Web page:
In July 2019, Gov. Mike Parson approved a bill that shifted summer vacation windows for Missouri students with the goal of improving statewide tourism trends.
Formerly known as House Bill 161 [HB 161], the newly passed legislation states that the first day of classes for local school districts can be scheduled no earlier than 14 days before the first Monday in September. This means, for the 2020-2021 school year, traditional school districts would be barred from starting before Aug. 24. Charter schools or other private institutions are not impacted by the change.
Many school districts have already planned and approved new school schedules to comply with the new law.
The Rockwood School District updated its calendar at the Sept. 26 board meeting. The newly approved calendar has a start date of Aug. 24, which is the earliest allowed by HB 161. Students begin winter break on Dec. 23, returning on Jan. 4, 2021 for one full week of review before finals are given the week of Jan. 11. Second-semester classes begin on Jan. 19. The final day of school is a half-day on June 3, 2021. Spring break spans March 22–26.
According to Dr. Tracy Edwards, director of human resources, the district shifted the calendar to avoid unbalanced semesters or eliminating existing break periods.
“It was already a board-approved calendar, we just had to look to see, ‘Okay, since we can’t start until [Aug. 24], where can we give a little that won’t take us to mid-June’ because we already knew we weren’t going to completely negate a week of winter break,” Edwards said.
Rockwood is still examining various options to address the concern of fall semester finals taking place after winter break. No final decision has been made as of press time.
Parkway School District’s updated calendar was unanimously approved at the regular Board of Education meeting on Sept. 25. Parkway will also begin school on Aug. 24. Students return from a 13-day winter break with one full week of review before finals are given from Jan. 12-14, 2021. Second-semester classes would begin on Jan. 19. The final day of school is scheduled for a half-day on June 3. The spring break holiday in 2021 from March 22-26 aligns with Rockwood’s.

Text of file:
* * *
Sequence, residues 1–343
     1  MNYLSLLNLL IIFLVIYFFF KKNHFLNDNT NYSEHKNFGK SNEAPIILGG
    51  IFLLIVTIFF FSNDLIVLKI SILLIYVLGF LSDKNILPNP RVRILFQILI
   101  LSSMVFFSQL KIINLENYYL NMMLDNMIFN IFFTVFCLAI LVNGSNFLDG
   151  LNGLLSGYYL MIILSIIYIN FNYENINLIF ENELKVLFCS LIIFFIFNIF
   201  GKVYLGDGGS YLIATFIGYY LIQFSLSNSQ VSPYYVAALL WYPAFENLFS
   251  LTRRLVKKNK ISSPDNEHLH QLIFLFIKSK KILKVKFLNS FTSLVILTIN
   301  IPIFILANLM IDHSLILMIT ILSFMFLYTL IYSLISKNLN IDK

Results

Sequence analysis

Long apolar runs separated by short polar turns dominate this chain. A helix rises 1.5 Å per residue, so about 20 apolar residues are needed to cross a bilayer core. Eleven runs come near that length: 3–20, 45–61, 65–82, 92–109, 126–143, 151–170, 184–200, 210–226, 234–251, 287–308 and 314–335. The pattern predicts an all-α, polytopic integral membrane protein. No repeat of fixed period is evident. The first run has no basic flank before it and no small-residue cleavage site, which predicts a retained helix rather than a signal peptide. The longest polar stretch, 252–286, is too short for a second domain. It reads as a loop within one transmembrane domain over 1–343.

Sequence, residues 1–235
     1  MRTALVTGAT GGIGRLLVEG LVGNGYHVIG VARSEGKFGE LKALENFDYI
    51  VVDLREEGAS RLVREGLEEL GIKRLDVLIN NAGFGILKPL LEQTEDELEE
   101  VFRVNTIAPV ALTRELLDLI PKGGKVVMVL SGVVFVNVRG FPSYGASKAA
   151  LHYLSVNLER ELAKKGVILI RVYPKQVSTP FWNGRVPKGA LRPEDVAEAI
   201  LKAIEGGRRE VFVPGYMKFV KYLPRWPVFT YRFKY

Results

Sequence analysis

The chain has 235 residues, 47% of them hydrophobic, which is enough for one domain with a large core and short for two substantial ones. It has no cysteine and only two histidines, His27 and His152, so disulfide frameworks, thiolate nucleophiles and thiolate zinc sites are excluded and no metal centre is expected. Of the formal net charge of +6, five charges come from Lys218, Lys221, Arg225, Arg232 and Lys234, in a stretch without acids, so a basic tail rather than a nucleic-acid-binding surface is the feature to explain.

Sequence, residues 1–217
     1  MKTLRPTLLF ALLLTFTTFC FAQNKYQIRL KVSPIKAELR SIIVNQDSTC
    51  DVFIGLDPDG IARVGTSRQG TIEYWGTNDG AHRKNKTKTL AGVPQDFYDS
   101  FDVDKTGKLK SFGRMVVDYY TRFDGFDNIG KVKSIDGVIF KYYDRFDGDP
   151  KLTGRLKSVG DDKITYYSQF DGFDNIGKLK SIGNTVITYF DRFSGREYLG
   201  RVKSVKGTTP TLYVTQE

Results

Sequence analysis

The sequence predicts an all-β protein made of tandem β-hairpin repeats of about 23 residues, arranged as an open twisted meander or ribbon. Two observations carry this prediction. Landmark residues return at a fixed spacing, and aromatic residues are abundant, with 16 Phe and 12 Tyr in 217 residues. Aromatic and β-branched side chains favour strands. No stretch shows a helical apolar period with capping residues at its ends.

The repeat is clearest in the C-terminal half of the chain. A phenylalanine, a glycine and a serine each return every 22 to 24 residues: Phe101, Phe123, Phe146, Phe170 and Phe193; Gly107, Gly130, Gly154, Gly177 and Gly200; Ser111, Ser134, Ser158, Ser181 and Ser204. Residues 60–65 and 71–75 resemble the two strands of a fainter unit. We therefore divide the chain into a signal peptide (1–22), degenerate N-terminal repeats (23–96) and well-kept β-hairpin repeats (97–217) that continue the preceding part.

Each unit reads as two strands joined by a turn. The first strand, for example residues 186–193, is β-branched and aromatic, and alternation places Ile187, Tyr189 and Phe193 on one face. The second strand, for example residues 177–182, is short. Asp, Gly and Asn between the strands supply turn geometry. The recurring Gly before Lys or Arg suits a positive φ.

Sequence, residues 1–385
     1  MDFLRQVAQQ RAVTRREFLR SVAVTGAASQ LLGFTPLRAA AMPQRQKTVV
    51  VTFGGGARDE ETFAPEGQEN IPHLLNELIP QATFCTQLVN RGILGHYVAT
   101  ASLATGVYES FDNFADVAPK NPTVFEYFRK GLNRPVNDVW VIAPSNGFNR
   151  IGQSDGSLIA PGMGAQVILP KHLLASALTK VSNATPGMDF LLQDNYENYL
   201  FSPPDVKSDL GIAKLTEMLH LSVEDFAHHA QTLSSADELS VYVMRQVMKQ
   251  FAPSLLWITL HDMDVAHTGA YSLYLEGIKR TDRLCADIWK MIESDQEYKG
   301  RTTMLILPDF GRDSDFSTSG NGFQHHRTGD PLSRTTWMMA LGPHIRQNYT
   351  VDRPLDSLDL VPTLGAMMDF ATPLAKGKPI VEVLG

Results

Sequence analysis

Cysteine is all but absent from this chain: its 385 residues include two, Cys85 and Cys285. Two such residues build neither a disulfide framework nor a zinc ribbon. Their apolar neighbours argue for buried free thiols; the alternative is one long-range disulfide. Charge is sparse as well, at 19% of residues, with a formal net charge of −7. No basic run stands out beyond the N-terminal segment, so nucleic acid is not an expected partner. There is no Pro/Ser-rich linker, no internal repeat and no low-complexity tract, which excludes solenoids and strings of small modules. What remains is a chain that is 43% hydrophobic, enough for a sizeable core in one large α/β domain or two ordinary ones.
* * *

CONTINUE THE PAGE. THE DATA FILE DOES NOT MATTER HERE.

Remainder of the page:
While the top comment was to complete high school finals before winter break, Parkway’s Director of Communications Annie Dickerson said the fall semester would have to have been considerably shortened.
West Newsmagazine reporter and Parkway parent Bonnie Krueger reported that the state law was “controversial, especially at the high school level.”
“Finals will now be after winter break and, for the past 20 or 30 years, it’s been the three of four days prior to winter break,” Krueger said. “So, when kids were off between semesters, they didn’t have to think about school. Now they’re going to come back and have one week of review, and then the following week is finals.”
Dickerson agreed about the feedback from high school families.
“We had a lot of people who actually said they liked the new calendar and the later start date in August,” Dickerson said. “We also probably had an equal number of families, especially high school families, who said they preferred when we kept those finals before winter break … We would have preferred to keep our previous calendar. We thought it worked well for kids and it made a lot of sense for our community.”
In years prior, summer vacation for students began the same week as Memorial Day with students returning mid-August. With the new state schedule, the last day for both districts is June 3 and a fall start date of Aug. 24.
“We essentially just shifted the calendar forward,” Dickerson said. “Now, students just have more time off in August than in May.”
The only exception is summer 2020, which ends the school year in May and continues until Aug. 24, the start of the new 2020-2021 school year.
The Missouri State Teachers Association [MSTA] opposed the new law on the grounds that districts should have the ability to create their own calendars.
“We think that it’s important to consider the local impact of the school calendar and certain events that a community supports or things that are important locally,” Matt Michelson, government relations manager at MSTA, said.
Previously, schools also could start earlier after public notice, open meetings and passage by the school board.
That alternative is not an option under the new law.
“We’ve had a lot of changes to school calendars over the last two to three years,” Michelson said. “School districts are still going to be able to negotiate their calendars. They’re just going to be in a tighter box now.”
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West Newsmagazine reporter Bonnie Krueger contributed to this article.